My question is, why isn't Bush defending himself against remarks that he misled the nation and took us into Iraq because of a lie (or less harsh, because of bad intelligence). There's plenty of evidence that while what the press' definition of "stockpiles" hasn't been found, enough has been found to justify what was said. I thought that same thing when I actually saw what David Kay said in his report to Congress when he stepped down. Considering the intelligence that I've seen reported, in hindsight, I might have given the order to go too. I might have used WMD as my primary excuse also, as it seemed pretty convincing at the time. Remember that most countries and the former Democratic president were convinced. Most of the weapons we thought they had are still classified as unaccounted for. Not imaginary, but missing. The UN verified that the components to make these weapons was received by Iraq, but are now unaccounted for.

The story I posted the other day (below) about Syrian weapons stored in Sudan sounds like and interesting twist to the story and may answer a few questions about the "unaccounted for" part.

All and all there were far more reasons to go than just WMD, and still far more good things that have come as a result. The most recent good thing is the exposure of the UN's Money for Oil scandal, which is only happening because we went in there and found all this documentation showing the links. Actually we freed the Iraqi people, who are raising the issue again, as they were before we invaded. We just refused to listen at all before last year.

Tuesday, April 27, 2004

UNScam. It's been called many things (one blogger had a contest to name it. UNRON was one name), but how come it's not getting more press? It is getting a little press, but not what it deserves. The fact is now becoming more and more apparent that the UN Oil for Food (Oil for Mansions) program was wide spread and that, as this article by James Morrow of the Australian points out, "it's a who's who list of high-profile anti-war and anti-sanctions voices, all revealed to be shills for Saddam."

Read the whole article. There's more. Much more.
Perhaps because of all the DIY international lawyering engaged in by the world press corps in the run-up to Iraq's invasion, many journalists are reluctant to admit that the UN they put so much faith in was many times more corrupt than they could imagine the Bush White House being.

Or maybe they just don't want to admit that so many of the anti-war voices they used to support their stories were bought and paid for with money belonging to the long-suffering, if little-mentioned, Iraqi people.

Instapundit has been covering this with gusto. So have other bloggers. Look around.
Where have all the WMD gone? Perhaps here. Sudan has ordered the removal of Syrian scud missiles and weapons of mass destruction out of their country. Wonder where the Syrians got that stuff? There's was a report that the Syrians have been secretly flying the weapons into Sudan. Sudan is worried about the US figuring it out and not lifting sanctions.
New bible alert. Here's a report from World Mag.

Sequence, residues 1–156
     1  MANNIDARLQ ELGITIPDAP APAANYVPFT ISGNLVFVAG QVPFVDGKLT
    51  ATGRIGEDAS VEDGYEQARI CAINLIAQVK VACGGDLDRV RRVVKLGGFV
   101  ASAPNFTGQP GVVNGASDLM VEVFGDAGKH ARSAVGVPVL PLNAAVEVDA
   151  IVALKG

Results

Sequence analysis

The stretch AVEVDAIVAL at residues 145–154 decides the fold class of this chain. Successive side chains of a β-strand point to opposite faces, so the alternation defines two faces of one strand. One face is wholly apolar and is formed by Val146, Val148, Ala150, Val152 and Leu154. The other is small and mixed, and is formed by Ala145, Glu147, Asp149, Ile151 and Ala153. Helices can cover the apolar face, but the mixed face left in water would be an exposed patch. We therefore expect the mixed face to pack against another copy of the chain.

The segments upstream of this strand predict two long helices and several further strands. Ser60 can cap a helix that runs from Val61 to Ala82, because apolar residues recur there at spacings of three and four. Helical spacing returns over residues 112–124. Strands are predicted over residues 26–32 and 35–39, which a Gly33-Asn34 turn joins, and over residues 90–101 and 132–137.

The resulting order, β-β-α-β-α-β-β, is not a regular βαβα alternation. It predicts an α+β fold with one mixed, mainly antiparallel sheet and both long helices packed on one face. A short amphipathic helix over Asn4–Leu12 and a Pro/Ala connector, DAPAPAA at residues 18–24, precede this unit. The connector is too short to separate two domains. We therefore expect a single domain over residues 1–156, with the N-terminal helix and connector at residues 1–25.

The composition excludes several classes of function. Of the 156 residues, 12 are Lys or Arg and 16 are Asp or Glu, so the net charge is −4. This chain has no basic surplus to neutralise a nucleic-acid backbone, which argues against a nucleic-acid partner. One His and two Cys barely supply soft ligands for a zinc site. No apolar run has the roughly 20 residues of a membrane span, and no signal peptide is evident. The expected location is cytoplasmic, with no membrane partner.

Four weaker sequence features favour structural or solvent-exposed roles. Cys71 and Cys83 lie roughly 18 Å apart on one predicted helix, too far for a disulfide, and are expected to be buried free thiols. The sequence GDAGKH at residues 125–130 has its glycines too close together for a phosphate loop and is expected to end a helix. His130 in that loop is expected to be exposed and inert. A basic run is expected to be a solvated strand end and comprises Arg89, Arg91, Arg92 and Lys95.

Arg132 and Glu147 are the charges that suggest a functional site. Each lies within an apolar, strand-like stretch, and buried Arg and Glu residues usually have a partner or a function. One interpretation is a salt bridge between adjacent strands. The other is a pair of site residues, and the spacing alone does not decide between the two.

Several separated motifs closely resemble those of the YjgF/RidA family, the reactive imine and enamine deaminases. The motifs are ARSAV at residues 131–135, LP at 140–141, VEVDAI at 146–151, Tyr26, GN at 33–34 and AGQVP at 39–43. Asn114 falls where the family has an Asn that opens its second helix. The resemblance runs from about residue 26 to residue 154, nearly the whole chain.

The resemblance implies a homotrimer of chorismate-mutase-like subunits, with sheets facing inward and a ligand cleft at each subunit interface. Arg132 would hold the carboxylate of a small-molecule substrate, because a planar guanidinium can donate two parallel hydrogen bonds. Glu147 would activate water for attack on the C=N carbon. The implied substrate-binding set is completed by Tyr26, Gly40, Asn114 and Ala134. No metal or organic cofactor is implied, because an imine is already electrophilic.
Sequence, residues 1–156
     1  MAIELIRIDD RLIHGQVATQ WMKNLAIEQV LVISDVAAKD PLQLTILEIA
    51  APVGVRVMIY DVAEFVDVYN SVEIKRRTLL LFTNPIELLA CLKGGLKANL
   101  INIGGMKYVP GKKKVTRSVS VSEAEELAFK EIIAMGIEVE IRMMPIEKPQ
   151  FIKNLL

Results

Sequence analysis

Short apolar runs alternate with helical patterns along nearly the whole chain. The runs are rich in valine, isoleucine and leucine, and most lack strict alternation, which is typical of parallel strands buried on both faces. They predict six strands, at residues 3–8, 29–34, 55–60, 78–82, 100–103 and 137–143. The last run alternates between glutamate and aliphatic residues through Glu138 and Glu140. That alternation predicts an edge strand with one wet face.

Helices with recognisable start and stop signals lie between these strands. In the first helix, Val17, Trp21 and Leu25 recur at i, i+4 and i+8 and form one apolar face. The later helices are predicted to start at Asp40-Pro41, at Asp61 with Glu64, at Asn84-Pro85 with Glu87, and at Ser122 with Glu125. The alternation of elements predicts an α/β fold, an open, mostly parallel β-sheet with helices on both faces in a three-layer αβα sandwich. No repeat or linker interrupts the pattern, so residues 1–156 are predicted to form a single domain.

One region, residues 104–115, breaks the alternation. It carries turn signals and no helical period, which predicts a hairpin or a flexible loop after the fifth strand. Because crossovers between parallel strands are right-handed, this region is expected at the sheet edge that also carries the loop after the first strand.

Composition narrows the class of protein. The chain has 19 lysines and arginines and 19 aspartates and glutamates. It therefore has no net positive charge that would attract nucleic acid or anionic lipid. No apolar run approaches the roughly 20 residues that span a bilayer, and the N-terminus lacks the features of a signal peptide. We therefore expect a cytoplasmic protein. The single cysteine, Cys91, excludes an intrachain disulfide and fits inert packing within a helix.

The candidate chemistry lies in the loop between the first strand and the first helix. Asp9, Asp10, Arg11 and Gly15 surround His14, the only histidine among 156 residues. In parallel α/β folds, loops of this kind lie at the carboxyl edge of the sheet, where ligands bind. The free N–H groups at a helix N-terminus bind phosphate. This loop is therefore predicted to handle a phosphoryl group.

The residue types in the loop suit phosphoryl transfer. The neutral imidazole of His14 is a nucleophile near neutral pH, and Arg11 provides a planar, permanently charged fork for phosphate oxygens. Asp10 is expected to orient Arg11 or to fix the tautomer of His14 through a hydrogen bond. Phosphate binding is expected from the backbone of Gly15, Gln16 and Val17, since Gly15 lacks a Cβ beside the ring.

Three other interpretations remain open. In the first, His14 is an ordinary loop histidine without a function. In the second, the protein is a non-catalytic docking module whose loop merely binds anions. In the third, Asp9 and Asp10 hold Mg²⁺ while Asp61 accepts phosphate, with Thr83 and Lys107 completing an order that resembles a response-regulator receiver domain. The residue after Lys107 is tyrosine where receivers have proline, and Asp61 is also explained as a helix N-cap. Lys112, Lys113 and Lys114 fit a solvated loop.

Move over, New International Version (NIV, Zondervan) and English Standard Version (ESV, Crossway); here's the newest evangelical-produced Bible on the block: the Holman Christian Standard Bible (HCSB). A team of 100 translators, editors, and biblical scholars sought to avoid "slang, regionalisms, or changes made specifically for the sake of political or social agendas"—a slap at "gender-neutral" language in some modern Bible versions (including an NIV makeover due next year, Today's New International Version).

Monday, April 26, 2004

Update on South Africa. Here's a great article from Christian Science Monitor about democracy in Africa in general. I'm a bit skeptical about their conclusions about America's response to all this and whether or not they will continue to encourage democracy in the light of Oil deposits and terror (CSM things perhaps not).
Good read, and maps too!
Polygamy. Now it had to happen eventually. Here is an article about the recent suits being tried to justify polygamy as legal according to the Lawrence v. Texas ruling by the Supreme court. The polygamists seem to have some good arguments here, whereas before Lawrence they were stuck one shut. Justifying a polygamous marriage may not be the same thing as what was decided in Lawrence, because it just said that whatever adults do sexually in the privacy of their own home cannot be infringed upon. The pro-polygamy lawyers argue that since it is part of some religions (Mormons, et al) to discriminate would be an infringement on their 1st amendment rights regarding free practice of religion.
Of course the government doesn't have to recognize any marriage past the first one. Anyway, read the article. We all knew that once Lawrence came down that polygamists would be next.

Friday, April 23, 2004

Country of the Week.
Since they just had national elections this past week, I think South Africa will be a great CotW. A variety of indigenous tribes lived in the area of South Africa when Europeans discovered it in the 1400s, including the Mapungubwe, and the Khoisan. Portuguese sailors Batholemeu Dias and Vasco de Gama sailed around it about 1487. Some sailors surveyed the coast, and some set up trade with the natives, but the land was not subject to any permanent settlements until the Dutch came in and set up a "refreshment station" represented by the Dutch East India Company in 1652.